Better analytics, better performance, but at what cost?
It seems clear that this kind of machine learning spells the death of traditional BI. Business intelligence, after all, is built on asserting an insight against a set of data: "I think warm weather makes people want to book cruise vacations. Run a report correlating temperature against cruise bookings."
The problem with this approach is that it depends on a human deciding the right correlation among the data. This is where it gets sticky. You're depending upon the judgment -- and prejudices -- of a person to decide the relevant data to look at. It's much more compelling to let the data identify what is relevant.
That's where this area becomes troubling.
Once you start down the road and say, "Let the data tell me what to do," the natural impulse is to get more data. That mobile company will strike a deal with, say, a consumer products company to get information on purchasing habits of other types of products to enable analysis regarding churn.
You might argue that this is still in the service of offering a customer more compelling reasons to stick with the wireless provider, so it's all good. What this brought to my mind, though, is a more troubling area: Finance and credit. This has been the battleground of data collection and accuracy for years.
Unlike a poorly targeted mobile offering, which can be ignored, an inaccurate credit report has real-world consequences. It's taken political action to force credit agencies to identify their data sources and offer the capability to correct inaccuracies.
A story I saw last week about a new, big data credit analysis company called ZestFinance brought this to mind. At a recent GigaOm conference, the company noted that it is "a new style of underwriting company that uses 70,000 data signals and 10 parallel machine learning algorithms to assess personal loans." The company looks at nontraditional signals, such as whether or not a would-be borrower has read a letter on its website, to better evaluate whether someone is likely to repay a loan.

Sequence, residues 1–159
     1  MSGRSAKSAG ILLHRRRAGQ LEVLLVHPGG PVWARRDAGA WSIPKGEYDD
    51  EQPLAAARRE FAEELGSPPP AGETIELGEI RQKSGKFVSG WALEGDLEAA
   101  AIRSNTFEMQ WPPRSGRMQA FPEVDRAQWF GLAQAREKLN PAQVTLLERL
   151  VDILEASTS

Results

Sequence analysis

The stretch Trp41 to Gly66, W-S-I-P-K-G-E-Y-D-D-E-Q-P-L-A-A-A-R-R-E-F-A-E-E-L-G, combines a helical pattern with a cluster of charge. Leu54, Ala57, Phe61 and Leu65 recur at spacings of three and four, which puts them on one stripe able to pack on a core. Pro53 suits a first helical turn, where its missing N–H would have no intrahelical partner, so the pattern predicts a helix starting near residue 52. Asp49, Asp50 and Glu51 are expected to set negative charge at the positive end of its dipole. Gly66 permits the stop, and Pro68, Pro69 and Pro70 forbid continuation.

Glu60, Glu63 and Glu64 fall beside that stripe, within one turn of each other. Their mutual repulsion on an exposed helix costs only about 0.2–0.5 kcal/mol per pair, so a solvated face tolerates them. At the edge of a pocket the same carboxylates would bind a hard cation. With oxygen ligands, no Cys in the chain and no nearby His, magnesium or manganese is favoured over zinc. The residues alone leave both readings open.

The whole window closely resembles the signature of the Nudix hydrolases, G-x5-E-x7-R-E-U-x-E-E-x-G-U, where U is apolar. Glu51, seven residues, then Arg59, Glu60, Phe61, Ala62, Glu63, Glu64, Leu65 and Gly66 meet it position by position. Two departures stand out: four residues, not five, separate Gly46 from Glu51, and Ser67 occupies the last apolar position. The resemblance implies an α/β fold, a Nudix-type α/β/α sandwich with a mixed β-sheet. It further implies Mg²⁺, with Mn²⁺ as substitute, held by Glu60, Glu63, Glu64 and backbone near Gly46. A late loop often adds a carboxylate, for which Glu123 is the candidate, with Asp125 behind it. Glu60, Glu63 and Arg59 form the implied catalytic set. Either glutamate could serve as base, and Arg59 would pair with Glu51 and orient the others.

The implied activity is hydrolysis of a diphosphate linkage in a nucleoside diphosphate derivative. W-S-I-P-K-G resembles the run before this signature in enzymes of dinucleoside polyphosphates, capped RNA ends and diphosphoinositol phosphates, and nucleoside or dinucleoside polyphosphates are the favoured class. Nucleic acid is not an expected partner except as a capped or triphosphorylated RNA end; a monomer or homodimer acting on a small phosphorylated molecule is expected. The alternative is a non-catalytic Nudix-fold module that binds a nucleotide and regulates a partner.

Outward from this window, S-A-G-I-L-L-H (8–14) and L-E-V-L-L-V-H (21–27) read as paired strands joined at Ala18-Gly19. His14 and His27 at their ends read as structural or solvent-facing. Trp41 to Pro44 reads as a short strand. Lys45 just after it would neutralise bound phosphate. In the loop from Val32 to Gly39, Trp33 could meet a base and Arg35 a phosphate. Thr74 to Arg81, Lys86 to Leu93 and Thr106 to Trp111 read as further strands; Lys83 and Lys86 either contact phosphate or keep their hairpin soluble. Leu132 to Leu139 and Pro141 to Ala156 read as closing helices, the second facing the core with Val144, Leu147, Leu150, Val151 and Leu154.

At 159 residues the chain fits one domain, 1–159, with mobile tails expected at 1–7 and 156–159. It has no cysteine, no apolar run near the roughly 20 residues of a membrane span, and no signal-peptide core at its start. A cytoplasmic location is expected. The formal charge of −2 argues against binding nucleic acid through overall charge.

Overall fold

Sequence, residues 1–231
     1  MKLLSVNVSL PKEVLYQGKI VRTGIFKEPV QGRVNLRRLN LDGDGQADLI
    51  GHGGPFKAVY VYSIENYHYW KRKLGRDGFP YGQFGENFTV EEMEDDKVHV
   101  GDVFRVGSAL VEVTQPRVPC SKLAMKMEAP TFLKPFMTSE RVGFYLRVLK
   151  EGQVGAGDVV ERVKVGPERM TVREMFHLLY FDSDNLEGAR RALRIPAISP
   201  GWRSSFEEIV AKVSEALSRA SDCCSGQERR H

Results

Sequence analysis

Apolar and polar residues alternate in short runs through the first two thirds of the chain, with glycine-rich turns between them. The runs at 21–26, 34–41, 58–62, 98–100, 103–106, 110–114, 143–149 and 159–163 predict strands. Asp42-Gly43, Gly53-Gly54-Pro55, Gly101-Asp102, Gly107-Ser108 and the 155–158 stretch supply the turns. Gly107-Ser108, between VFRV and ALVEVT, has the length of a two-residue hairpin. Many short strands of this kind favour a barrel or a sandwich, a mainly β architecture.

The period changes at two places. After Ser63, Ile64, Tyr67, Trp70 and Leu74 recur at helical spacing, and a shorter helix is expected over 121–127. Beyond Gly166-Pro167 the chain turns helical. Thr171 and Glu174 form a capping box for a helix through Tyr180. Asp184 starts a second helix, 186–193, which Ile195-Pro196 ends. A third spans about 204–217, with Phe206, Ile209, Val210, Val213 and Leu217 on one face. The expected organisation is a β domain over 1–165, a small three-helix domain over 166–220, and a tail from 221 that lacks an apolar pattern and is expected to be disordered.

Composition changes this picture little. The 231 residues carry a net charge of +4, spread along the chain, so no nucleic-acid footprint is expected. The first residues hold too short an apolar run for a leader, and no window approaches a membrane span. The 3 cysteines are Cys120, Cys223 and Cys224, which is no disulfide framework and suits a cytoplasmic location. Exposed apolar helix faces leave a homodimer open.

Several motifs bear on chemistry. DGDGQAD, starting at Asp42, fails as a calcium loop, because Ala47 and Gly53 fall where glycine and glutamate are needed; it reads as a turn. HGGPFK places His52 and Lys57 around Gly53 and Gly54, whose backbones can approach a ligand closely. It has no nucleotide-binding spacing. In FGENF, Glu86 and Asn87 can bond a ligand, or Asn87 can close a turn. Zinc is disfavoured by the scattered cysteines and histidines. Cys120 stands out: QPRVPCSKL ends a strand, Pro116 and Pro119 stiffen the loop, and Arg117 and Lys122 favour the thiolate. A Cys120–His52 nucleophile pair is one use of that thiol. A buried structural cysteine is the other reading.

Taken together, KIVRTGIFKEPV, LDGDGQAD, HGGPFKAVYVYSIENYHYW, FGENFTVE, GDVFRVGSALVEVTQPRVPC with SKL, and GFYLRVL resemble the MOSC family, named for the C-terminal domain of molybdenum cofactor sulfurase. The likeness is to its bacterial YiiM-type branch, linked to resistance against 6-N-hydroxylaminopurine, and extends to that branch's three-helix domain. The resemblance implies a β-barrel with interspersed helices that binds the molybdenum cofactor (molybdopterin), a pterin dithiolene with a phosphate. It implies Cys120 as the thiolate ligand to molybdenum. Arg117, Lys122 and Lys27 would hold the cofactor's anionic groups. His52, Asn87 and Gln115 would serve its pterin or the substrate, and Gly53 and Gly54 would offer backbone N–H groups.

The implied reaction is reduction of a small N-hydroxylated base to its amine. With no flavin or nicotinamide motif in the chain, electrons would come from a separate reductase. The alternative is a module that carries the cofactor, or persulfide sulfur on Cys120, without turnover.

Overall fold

The notion is that, by exploiting all these data signals, the company will find people that traditional credit agencies say are unworthy of a loan but, upon more detailed examination with these other data elements, are actually a good credit risk.
That's all well and good, but what happens when the signals say you aren't a good credit risk? Or when you find out you're paying half a percentage point higher interest rate on your mortgage than your neighbor? When you ask why, you'll be pointed to the fact that your neighbor read a letter on the credit company's website --or, more likely, you won't find the reason, either because the person you contact doesn't know, since, hey, it's in the algorithm, or the company won't tell you because the algorithm is a trade secret.
I generally try to avoid being alarmist about technology trends, but this aspect of the big data domain is a big concern. The combination of data and credit analysis has always proved to be explosive, and I don't expect the machine learning and big data version to be any less so. It's going to be especially problematic because of the vague judgment criteria and the likely secrecy the industry will try to impose on its shift to machine learning.
So, BI is dead, and long live BI. We're clearly on the cusp of a new way of generating insight, moving from the inefficient sifting methods driven by humans to new methods that leverage machine learning to identify relevant patterns and outcomes. We're in for a lively next couple of decades as this BI movement plays out.
Bernard Golden is the vice president of Enterprise Solutions for Enstratius Networks, a cloud management software company. He is the author of three books on virtualization and cloud computing, including Virtualization for Dummies. Follow Bernard Golden on Twitter @bernardgolden.
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